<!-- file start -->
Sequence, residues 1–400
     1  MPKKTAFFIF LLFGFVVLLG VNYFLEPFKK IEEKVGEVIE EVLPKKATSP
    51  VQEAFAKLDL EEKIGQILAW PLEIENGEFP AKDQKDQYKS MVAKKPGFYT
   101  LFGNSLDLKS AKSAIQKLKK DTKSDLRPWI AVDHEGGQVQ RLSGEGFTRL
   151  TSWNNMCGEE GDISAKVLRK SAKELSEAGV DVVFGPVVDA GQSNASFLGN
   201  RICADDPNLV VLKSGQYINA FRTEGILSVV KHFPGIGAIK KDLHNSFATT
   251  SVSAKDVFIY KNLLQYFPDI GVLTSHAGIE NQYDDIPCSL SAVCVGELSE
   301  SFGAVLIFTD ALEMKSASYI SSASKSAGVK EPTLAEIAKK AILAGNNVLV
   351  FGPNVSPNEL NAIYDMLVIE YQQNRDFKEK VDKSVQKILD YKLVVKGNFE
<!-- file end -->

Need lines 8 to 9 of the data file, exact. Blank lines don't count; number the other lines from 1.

   301  SFGAVLIFTD ALEMKSASYI SSASKSAGVK EPTLAEIAKK AILAGNNVLV
   351  FGPNVSPNEL NAIYDMLVIE YQQNRDFKEK VDKSVQKILD YKLVVKGNFE